Extended Comitee

For Australia

Craig Sinclair (PhD, BA/BSc)(PhD, BA/BSc)
Postdoctoral Fellow University of New South Wales, Australia

 

Craig is a postdoctoral health researcher with training in psychology. He has been actively engaged in advance care planning research in Australia since 2010, with experience in clinical trials, quality improvement initiatives, and engagement with culturally diverse communities in Australia. His recent work has focused on the emerging topic of supported decision-making, exploring its implications for human rights-based approaches to advance care planning, in particular among people with dementia and other age-related cognitive disabilities.

For Spanish-speaking countries
Europe

Cristina Lasmarius
Lead, Advance Care Planning Program, Catalan Institute of Oncology

Cristina is Graduated in Nursing, Graduated in Humanities, Master’s Degree in Palliative Care from the University of Vic / Institut Català d’Oncologia and PhD candidate into the Doctoral Program in Health and Social Sciences of the University of Vic- Central University of Catalonia. For over her professional career, her area of interest has been palliative care. She was always concern about how to respect patients’ autonomy at the end of life. She has clinical experience related to palliative care, teaching basic, intermediate and advanced training, and developing public palliative care programs. For many years, she worked as deputy director of the Chair of Palliative Care at the University of Vic, committed to promote knowledge and research in palliative models of care. In 2014 she was responsible to coordinate the Catalan Model of Advance Care Planning. She currently works in a monographic cancer institute, the Catalan Institute of Oncology, developing the Advance Care Planning program for cancer patients. She is the current vice president of the Catalan Palliative Care Society, and she is the founder of the Spanish Association of Advance Care Planning, being the current president since 2020. She has co-created different materials and resources about ACP, including the first ACP online course in two languages, Spanish and Catalan. She is passionate about the topics of Advance Care Planning and Palliative Care and is convinced that both are the best way to offer dignified care to ill people and their families and loved ones.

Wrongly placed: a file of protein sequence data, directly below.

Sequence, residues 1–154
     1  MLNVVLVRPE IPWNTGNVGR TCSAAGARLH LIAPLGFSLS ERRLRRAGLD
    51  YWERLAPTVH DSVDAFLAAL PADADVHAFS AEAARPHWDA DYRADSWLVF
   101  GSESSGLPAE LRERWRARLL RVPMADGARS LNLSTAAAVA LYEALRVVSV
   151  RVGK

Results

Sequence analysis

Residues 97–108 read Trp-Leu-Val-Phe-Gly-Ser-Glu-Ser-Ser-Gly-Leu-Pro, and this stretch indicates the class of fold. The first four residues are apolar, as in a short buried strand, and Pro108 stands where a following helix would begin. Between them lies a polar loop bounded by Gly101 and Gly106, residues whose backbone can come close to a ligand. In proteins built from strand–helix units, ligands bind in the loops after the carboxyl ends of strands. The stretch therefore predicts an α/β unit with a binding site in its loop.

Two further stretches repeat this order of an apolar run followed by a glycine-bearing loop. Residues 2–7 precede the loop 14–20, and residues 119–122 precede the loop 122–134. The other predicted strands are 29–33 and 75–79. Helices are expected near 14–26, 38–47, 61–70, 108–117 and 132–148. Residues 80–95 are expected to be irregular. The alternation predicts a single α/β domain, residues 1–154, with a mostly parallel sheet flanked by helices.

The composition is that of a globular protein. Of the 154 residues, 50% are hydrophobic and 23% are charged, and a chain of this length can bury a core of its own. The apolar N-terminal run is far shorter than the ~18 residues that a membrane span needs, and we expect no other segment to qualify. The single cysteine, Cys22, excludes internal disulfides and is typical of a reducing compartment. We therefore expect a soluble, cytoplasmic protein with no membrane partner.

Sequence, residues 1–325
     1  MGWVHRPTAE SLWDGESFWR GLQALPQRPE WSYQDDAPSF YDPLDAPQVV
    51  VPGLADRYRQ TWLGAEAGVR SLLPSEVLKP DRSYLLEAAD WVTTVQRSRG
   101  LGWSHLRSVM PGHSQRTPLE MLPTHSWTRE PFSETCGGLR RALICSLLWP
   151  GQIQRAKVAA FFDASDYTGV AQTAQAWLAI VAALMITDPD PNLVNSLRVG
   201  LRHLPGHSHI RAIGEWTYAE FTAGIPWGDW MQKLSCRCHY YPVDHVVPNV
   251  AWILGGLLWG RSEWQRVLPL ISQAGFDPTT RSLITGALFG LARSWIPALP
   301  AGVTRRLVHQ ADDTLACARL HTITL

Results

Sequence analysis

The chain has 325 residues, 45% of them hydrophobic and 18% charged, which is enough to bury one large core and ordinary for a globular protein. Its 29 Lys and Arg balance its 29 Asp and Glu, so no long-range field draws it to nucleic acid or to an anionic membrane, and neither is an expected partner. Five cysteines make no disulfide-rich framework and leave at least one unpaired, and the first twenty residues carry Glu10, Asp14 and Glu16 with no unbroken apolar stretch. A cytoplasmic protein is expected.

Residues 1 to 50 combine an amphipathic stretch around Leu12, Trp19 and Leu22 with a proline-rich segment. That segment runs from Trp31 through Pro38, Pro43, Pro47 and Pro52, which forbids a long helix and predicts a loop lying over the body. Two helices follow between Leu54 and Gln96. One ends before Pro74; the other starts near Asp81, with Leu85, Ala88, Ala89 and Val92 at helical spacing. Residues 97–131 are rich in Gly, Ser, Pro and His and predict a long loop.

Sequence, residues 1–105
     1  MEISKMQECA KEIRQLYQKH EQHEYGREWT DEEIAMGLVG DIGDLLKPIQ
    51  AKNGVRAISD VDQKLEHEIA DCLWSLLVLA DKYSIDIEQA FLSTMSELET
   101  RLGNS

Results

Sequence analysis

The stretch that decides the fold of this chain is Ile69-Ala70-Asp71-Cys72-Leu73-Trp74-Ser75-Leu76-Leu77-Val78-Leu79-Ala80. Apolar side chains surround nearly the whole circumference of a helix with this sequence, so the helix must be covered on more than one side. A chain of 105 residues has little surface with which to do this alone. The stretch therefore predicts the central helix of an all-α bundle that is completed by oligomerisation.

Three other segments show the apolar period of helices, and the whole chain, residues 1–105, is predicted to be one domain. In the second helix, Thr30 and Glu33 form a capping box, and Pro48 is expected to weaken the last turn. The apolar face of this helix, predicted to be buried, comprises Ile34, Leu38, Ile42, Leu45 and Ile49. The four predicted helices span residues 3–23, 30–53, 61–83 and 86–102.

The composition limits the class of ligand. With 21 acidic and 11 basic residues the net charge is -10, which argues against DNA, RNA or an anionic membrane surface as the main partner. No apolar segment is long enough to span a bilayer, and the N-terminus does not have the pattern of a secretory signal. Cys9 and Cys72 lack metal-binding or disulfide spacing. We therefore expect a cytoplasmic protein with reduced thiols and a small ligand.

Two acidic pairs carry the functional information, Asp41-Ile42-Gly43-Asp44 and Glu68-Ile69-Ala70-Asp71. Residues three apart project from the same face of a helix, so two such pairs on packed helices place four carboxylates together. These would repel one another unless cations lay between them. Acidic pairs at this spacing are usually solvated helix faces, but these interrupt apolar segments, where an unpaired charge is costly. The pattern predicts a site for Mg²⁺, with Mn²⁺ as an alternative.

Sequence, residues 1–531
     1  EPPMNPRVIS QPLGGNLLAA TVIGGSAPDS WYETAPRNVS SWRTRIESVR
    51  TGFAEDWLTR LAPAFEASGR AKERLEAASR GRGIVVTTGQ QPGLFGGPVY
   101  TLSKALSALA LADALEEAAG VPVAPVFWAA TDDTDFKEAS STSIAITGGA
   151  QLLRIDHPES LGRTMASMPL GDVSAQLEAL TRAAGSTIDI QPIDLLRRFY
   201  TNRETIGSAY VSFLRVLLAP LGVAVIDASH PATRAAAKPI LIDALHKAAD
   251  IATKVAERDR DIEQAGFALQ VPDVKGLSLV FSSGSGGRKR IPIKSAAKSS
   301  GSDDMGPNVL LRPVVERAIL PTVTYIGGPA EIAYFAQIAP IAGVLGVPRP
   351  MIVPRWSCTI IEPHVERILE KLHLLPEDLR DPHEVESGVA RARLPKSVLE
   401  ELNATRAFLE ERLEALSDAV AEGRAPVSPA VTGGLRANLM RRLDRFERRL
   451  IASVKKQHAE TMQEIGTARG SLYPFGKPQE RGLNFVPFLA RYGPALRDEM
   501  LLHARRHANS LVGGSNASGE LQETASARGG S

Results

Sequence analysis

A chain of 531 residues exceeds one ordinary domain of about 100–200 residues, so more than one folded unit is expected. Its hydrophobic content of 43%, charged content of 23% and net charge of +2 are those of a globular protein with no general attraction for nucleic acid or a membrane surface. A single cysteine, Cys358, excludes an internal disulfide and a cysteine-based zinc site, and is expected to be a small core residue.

South America

Daniel Neves Forte  (MD, PhD)
Head, Palliative Care and Bioethics – Hospital Sírio-Libanês, Sao Paulo, Brazil.
Supervisor, Intensive Care Unit – Hospital das Clínicas- University of Sao Paulo, Brazil

For over a decade, Daniel has been leading initiatives related to person-centred care in the area of assistance to critically ill people and their families in Brazil. After founding in 2008 the first institutional team of Palliative Care (PC) in a hospital of excellence in Brazil, he promoted the expansion of PC, leading assistance, teaching and research initiatives in the area. He coordinates long-term specializations and short-term courses, having trained hundreds of attendings from across the country. In 2018, as president of the Brazilian Society of Palliative Care, he led discussions and collaborative work between institutions in Brazil, work that culminated in the publication of the Ministry of Health’s first National Palliative Care Policy. Many of his former students are now leaders in the area, promoting not only PC integrated to the most diverse areas of knowledge, but mainly person-centered care throughout life and the healthcare system. More than a tool, Daniel firmly believes that advance care planning is an essential competency needed for providers to deliver minimal quality healthcare. Furthermore, Daniel sees the ACP as a pillar of citizenship, urgently needed if we are to live in pluralistic, solidary and respectful societies. For him, the promotion of autonomy and shared decision-making helps not only patients and their families, but also help providers to rediscover the most powerful purpose of their profession: connection.